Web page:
The long-awaited VR mod for World of Warcraft (2004) is here, bringing full PC VR support to players grinding the vast lands of Azeroth.

Created by Flat2VR community members ‘Streetrat’ and ‘Marulu’, the long-time modders have finally brought full 6DOF VR support to World of Warcraft in the aptly named WoVR mod.

According to the Github, where you can download WoVR for free, it also includes directional audio, synced eye rendering, the ability to switch between third and first person, motion controls and a floating UI.

While couched as an “experimental release,” WoVR aims to add PC VR support to 3.3.5a, the last patch of the second expansion of the game.

Take a look at it in action below:

“This mod is a experimental release intended to be played seated with VR motion controllers. Currently we do not have plans for active continued development, if there is enough support and interested from the community we could look into first person mount visibility and player character IK,” the creators say.

It’s been a long road to get there too. WoVR has been in on and off development for over the past ten years, as it was originally conceived on the original Oculus Rift DK1 back in 2013.

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“In January 2024 after a 4 year long hiatus we decided to restart development from scratch with everything we learned from creating XIVR,” the creators say. “This mod not only converts the game to be playable with motion controllers but also aims to add quality of life improvements from FF14.”

The modders are also known for having brought a similar VR mod to MMO Final Fantasy XIV (2010), which was initially released in 2022.

If you want to grab the WoVR mod, you can either do so by following the Github link above, or by visiting the Flat2VR Discord (invite link) where you can find precompiled versions for easier installation.

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Well before the first modern XR products hit the market, Scott recognized the potential of the technology and set out to understand and document its growth. He has been professionally reporting on the space for nearly a decade as Editor at Road to VR, authoring more than 3,500 articles on the topic. Scott brings that seasoned insight to his reporting from major industry events across the globe.
  • Arno van Wingerde

    One question: why does the resolution seem so low in the video? OK, WoW does not run on standalone Quest in the first place, but the whole point of running this on a PC is to get great visual quality. It looks like they used a 1060 card or something…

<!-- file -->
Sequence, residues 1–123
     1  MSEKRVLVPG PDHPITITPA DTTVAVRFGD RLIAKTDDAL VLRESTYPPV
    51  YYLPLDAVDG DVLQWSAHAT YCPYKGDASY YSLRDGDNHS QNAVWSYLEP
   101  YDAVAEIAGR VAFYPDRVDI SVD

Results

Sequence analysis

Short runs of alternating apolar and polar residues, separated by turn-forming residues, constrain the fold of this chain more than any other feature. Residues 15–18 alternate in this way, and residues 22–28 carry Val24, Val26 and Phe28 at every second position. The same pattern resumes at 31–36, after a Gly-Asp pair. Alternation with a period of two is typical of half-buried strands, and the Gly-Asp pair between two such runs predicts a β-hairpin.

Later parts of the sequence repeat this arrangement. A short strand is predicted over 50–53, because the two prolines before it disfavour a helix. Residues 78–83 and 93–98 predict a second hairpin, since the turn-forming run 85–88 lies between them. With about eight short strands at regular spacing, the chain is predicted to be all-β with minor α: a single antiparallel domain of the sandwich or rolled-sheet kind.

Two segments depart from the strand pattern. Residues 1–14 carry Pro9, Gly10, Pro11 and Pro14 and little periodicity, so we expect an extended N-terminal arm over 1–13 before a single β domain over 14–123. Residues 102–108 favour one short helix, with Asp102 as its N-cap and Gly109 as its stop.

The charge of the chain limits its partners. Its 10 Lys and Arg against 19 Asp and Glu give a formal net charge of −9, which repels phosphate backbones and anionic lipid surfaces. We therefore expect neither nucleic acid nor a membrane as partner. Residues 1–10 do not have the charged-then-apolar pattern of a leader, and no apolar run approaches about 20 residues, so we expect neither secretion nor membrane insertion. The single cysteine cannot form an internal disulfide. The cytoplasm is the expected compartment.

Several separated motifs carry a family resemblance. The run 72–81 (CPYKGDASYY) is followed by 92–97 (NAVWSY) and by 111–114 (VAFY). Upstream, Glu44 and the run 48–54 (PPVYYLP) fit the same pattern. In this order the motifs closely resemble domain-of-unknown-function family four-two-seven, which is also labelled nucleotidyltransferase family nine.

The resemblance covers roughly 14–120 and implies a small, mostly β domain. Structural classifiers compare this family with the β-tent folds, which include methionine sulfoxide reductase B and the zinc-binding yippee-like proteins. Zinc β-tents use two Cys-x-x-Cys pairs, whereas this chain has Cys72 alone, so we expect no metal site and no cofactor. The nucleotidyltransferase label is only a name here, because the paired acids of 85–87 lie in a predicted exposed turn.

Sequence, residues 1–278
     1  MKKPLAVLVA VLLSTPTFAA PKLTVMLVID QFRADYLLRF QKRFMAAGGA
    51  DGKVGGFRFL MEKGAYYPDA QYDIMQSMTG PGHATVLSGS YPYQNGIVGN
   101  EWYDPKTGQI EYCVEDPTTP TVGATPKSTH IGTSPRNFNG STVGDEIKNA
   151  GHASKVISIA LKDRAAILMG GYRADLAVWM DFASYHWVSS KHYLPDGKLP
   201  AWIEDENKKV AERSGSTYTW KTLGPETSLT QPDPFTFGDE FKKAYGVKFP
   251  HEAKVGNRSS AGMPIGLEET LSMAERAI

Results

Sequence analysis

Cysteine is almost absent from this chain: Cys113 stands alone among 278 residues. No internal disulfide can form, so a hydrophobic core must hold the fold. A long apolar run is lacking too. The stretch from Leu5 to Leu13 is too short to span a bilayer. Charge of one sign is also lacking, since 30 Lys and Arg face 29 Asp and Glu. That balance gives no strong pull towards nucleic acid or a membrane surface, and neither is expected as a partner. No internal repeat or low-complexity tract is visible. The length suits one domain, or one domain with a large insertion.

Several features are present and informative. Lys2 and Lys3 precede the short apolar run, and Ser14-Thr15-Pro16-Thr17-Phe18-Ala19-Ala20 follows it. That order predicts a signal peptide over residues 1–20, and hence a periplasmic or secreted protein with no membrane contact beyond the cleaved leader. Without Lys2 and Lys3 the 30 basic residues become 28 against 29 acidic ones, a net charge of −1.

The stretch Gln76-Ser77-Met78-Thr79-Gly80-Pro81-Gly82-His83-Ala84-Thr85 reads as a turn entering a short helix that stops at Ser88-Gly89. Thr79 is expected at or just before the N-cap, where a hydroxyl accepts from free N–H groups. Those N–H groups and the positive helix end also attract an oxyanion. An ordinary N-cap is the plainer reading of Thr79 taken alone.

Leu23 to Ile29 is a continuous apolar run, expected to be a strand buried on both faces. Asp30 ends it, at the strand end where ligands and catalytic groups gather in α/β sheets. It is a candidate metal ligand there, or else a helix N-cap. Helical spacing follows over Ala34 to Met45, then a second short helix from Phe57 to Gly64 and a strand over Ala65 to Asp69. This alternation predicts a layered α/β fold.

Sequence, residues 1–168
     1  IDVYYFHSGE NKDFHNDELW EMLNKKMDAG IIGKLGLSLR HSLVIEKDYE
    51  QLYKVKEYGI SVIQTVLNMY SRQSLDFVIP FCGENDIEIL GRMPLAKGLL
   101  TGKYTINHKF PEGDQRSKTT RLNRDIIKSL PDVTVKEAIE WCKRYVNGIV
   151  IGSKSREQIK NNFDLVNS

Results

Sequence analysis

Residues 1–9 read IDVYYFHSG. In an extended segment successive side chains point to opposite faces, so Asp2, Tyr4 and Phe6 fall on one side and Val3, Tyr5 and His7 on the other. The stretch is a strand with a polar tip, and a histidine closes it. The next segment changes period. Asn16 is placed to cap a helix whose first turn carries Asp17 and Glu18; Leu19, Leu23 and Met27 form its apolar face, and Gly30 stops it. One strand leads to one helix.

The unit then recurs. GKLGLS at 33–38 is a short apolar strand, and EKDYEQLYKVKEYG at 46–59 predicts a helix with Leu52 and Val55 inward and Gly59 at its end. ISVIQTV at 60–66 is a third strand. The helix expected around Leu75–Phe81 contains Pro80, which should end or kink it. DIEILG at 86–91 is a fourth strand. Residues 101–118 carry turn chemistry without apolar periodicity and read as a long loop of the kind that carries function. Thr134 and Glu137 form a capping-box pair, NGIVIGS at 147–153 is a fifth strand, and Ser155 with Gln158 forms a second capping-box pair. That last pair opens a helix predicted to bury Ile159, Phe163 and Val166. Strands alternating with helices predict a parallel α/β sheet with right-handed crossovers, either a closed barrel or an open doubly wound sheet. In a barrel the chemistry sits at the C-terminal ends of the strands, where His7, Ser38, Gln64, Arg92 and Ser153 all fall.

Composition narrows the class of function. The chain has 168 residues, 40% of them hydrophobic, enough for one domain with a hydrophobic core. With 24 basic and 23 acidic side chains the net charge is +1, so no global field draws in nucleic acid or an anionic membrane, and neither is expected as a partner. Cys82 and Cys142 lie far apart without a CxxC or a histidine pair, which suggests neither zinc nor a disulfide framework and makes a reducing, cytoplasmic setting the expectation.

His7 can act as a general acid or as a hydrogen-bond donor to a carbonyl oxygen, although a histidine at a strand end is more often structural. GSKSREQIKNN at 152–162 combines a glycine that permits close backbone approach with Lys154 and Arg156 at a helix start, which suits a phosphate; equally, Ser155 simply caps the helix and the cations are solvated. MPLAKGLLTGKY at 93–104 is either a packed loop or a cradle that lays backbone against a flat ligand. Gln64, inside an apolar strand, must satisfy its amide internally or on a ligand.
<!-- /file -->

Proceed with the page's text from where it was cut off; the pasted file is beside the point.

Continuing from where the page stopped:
• JakeDunnegan

      I dunno – WoW has always been a very low-graphics-fidelity product. I mean, it’s 20 years old now, and even when it came out, we called it “cartoony”. The real question here is, given how low quality the original graphics are, why’d the mod take so long?

      I imagine they are running on the PC b/c that’s the only thing that can hold the many dozens of GB of space the game takes up (and it’s written for PC).

      • doublej42

        Modern wow is pretty decent looking open world game. Not as nice as the latest single player game but it support ray tracing and has 4 textures, in the new zones. This is a mod of the 2008 version of the game that has not existed after the rebuild in 2010.

  • Korgen

    There’s a very high risk that Blizzard’s system considers this mod as a cheat. Does it worth it to be banned for a vr mod ?

    • doublej42

      It only works with pirated versions of the game on private servers. Go to the wow-join channel and join then poke around, the downloads are there. I don’t think I’ll try them though as it’s to much effort and I don’t like piracy.

  • Wow, 10 years in the works…

    • Christian Schildwaechter

      I have a couple of these projects, and probably some where the number of years I’ve been working on them now exceeds the number of hours I’ve been working on them. The current WoVR GitHub repository was set up only three weeks ago, so the ten commits don’t show how many of these 10 years saw actual development activity.